What is the industry benchmark for each metric we’re tracking? Did we beat it or fall short?

Evaluating your team’s success in comparison to industry benchmarks will help you put your successes and shortfalls into context, making it easier to showcase your success or make a case for more resources to help you shore up your team’s efforts. You can peruse a variety of benchmark reports across different types of marketing activities, from SEO to content marketing to paid social, grouped by industry, so you can see where your company falls along the spectrum.

How are we measuring marketing attribution? Does our data show the whole picture?

It often takes multiple touchpoints across multiple marketing channels to land a new customer. Whether your conversion metric is closing a sale, booking a demo, or signing up for your email list, the conversion is often the result of months of marketing efforts — but all too often, only the first or the last touchpoint is used for attribution. Make sure that you’re leveraging your CRM and analytics data to help you track the entire customer journey from start to finish.

A customer may have finally clicked on an ad and signed up for a demo last month — but it’s important that you also weigh the value of the three blog posts she read on your site in the previous quarter, helping her build trust in your brand before she was ready to make the leap. Make sure that you set up a multitouch attribution model that gives the right weight to each part of the journey that led your customer to their conversion path — and if you don’t have the data to do that now, make it a priority for 2024. (Keep in mind that recent changes in data privacy laws and company practices have made marketing attribution more difficult, but not impossible if you have the right tools and tactics in play.)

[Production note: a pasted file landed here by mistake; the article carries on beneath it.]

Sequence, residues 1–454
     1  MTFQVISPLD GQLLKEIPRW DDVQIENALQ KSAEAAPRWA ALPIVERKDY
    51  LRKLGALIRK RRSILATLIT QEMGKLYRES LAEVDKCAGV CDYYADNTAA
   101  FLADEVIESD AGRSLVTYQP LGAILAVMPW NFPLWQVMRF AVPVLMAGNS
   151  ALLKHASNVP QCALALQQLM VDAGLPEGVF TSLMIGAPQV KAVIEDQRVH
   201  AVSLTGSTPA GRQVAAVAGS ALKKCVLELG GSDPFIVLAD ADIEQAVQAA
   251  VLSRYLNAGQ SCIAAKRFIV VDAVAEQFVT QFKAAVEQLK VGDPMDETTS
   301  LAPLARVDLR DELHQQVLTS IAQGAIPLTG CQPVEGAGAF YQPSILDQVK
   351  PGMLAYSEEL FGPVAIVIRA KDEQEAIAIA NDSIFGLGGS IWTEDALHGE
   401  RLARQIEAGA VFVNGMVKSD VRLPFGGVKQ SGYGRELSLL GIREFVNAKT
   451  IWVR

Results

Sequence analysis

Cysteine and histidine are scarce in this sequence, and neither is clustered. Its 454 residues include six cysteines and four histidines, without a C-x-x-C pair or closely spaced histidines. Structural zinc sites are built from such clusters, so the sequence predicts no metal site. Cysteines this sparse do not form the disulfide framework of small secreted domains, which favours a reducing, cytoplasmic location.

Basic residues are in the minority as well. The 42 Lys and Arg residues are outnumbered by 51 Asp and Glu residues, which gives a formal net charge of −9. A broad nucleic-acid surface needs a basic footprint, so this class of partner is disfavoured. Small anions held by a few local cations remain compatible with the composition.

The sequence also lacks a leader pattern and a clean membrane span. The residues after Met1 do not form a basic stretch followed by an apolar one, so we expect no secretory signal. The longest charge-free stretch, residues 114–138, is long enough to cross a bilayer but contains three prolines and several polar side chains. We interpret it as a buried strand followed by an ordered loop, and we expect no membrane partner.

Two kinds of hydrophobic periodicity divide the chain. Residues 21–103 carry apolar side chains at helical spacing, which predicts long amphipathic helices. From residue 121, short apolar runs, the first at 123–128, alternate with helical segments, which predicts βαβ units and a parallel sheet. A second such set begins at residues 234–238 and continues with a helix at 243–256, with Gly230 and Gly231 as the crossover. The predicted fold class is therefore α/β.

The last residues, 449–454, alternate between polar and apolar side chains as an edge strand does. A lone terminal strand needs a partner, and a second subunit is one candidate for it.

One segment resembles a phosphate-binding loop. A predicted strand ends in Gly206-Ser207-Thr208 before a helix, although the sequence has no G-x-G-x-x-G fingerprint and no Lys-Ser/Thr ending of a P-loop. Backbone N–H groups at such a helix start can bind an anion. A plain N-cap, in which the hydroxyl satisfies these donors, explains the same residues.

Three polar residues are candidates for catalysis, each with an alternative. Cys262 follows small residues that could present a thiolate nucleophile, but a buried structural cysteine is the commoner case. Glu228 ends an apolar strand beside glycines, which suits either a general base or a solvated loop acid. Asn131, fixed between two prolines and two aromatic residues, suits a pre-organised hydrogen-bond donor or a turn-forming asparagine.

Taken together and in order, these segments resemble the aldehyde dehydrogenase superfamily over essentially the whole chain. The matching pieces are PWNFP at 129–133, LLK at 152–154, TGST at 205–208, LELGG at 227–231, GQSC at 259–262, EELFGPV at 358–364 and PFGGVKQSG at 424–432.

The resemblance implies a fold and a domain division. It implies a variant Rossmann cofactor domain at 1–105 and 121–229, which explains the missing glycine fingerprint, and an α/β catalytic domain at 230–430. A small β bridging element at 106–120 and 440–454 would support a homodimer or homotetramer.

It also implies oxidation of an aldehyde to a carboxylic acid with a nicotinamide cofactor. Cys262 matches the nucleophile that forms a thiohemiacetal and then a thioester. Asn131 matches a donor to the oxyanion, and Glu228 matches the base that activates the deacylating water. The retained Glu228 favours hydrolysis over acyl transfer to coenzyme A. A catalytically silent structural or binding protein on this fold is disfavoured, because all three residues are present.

How does our performance track across each channel compared to the previous year?

Beyond looking at industry benchmarks, it’s also important for your marketing audit to evaluate performance against your own benchmarks — track YoY data for everything within your domain. Depending on where you sit in your marketing organization, that might include metrics such as SEO keyword rankings; web traffic volume and repeat visitors; social media follower growth and engagement; email marketing sign-ups, open rates, and unsubscribes; and conversion rates from digital ad campaigns, to name just a few.

When evaluating marketing performance, it’s also important to weigh up the impact of unplanned events — in 2020, the pandemic derailed everyone’s forecasts, but your business or industry may have had its own unanticipated event (the unexpected exit of your CMO, or crushing new industry regulations?) that impacted your team’s ability to meet goals. Whether your marketing efforts beat projections, went according to plan, or fell short, pay attention to trending performance across each metric and analyze why they went the way they did.

How does our marketing strategy compare to other companies in our space?

Don’t just look inward — a marketing audit presents an important opportunity to consider what you can learn from other companies in your industry. Conducting a competitive analysis will help you get real benchmarks for what other companies are doing and how well they’re doing it. Look at publicly available data, as well as information they’ve shared in investor reports if applicable, to understand the scope, budget, and success of their marketing efforts.